Dr. April Burns, Assistant Professor of Psychology



April 30, 2019 | Academics, Faculty, Faculty Feature, First Year Experience, Humanities and Social Sciences, Liberal Arts and Sciences

April Burns“After my experience [as a student] at CUNY, my own working-class background, and my experience as a first-generation graduate, I really saw my place in a community college.”

Further affirming “solidarity” with her students, Dr. April Burns calls her trajectory to becoming Assistant Professor of Psychology at the College in 2016, “a winding path.” Her doctoral research in social psychology, completed at the CUNY Graduate Center under advisor and mentor Dr. Michelle Fine, focused on “the experience of upward mobility through education” and the impact of this experience on “first-generation graduates[,] their beliefs about justice and equity, education, merit, and… their interpersonal and family relationships.” By centering “the perspective of families of origin, specifically parents and siblings,” Dr. Burns has broached several understudied areas: first-generation graduates – “as opposed to students” – and “sibling relationships across attainment levels,” which encompasses both cross-class and sibling interactions. To bolster the widespread “emphasis on the power and the possibility that higher education affords working-class people,” Dr. Burns not only investigates the marked “status change” that first-generation graduates undergo, but also aspires to “broaden our understanding of who [Guttman is] serving to include our students’ families and communities.”

“My interests are interdisciplinary,” Dr. Burns remarks, “at this intersection of the structural and social environment and the individual person.” Hence, “Guttman is an ideal scholarly community for me because it allows me to work in an interdisciplinary context” and teach a variety of courses. She elaborates: “I appreciate… that I get to see the students beyond one semester. I think that’s important for understanding who they are[,] their ambitions[,] their priorities.” Through teaching the two-semester cycle of Ethnographies of Work in the First Year Experience, as well as courses in the Liberal Arts & Sciences Program of Study, Dr. Burns is gratified that “sometimes[,] I can see the growth from [a student’s] very first semester as a college student to their last.” These continuing relationships enhance the strong “sense of community” she feels at Guttman.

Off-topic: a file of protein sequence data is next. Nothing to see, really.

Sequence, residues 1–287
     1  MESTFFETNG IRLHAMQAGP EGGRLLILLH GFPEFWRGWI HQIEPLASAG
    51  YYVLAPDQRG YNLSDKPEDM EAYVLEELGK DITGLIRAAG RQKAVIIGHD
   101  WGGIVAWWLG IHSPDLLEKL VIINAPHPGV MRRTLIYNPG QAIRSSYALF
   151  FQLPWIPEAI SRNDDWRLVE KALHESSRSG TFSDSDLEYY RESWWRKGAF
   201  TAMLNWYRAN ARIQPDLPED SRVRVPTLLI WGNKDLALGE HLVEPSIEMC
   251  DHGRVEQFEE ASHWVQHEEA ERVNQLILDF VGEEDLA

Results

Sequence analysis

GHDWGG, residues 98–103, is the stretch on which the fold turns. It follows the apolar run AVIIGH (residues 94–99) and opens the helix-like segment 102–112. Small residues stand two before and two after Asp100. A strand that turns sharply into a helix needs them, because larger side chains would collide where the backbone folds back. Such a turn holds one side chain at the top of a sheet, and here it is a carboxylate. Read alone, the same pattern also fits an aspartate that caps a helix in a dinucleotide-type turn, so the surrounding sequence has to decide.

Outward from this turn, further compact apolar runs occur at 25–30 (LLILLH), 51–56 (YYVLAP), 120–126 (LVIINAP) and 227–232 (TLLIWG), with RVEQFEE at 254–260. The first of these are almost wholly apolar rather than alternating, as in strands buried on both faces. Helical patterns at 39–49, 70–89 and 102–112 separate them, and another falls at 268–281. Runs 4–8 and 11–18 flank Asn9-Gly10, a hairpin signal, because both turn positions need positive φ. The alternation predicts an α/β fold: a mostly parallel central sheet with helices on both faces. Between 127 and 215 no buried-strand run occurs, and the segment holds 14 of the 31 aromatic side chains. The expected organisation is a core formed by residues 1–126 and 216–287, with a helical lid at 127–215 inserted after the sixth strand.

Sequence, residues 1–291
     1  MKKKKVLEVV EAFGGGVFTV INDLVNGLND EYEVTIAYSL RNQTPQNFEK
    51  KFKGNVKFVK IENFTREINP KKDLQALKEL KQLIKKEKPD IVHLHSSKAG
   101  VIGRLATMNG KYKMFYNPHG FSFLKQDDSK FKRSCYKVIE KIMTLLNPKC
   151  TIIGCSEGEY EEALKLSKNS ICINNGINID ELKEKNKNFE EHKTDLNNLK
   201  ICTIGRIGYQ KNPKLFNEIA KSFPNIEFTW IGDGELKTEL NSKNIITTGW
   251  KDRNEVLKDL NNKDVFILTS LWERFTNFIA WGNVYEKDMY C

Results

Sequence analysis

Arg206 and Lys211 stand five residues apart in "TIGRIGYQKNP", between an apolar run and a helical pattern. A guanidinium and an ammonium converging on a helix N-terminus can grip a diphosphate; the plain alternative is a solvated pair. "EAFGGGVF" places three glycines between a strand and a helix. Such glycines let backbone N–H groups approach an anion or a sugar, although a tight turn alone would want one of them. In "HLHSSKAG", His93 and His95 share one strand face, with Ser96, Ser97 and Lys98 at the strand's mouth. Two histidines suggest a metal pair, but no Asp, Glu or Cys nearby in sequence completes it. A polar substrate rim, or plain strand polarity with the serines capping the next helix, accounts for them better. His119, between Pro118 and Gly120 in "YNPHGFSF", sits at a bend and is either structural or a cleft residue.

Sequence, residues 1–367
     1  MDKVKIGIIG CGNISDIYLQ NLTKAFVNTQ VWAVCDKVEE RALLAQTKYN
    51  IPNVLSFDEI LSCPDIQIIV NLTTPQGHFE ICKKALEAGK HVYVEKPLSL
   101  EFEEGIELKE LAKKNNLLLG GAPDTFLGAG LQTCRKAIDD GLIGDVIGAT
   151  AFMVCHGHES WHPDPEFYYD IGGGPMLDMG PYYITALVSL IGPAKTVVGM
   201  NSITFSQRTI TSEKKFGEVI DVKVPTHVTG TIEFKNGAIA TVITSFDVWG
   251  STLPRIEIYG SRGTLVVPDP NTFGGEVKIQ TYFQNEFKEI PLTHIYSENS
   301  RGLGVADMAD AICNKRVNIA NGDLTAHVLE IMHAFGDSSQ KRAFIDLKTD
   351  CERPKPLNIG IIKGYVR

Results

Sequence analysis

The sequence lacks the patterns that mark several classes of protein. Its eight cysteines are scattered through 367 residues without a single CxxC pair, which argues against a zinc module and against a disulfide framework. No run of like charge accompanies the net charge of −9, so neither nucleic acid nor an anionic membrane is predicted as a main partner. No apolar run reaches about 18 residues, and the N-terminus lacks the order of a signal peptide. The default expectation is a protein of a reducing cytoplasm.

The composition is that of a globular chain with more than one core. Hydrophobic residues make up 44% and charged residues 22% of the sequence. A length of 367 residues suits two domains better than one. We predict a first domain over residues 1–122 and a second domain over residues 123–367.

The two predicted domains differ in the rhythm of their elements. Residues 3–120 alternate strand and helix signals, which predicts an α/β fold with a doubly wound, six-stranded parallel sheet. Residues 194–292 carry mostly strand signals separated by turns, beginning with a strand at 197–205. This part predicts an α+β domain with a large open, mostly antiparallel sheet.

As an instructor, Dr. Burns aims for “a balance between choice and self-pacing,” giving students every “opportunity to practice scholarly skills,” though her chosen materials are not always conventional. For instance, when teaching Sex and Gender in Urban Life, “I like to use bits of stand-up and look critically at those [because] if you can just pull apart… why something is funny, we can see where gender, race, and social class come in and color all of our assumptions.” She also favors “crowdsourc[ing] data” to ease the process of collecting it and boost student confidence in its analysis. In the LAS Capstone entitled We Started at the Bottom and Now We’re Here, students read about “social mobility through sociological, psychological, literary, and anthropological perspectives,” and generated research questions. Before they each interviewed a first-generation college student, the class collectively “decide[d] on a set of [interview] questions. Afterward, they would share the responses and draw on this “communal dataset” for their final projects. Ultimately, Dr. Burns’ goal is to “help [students] sit with their ambivalences, their anxiety“ about their abilities and identities as college students; to “normaliz[e] this sense of not knowing the answer,” yet attempting to seek it; and to acknowledge and validate “progress in small steps.”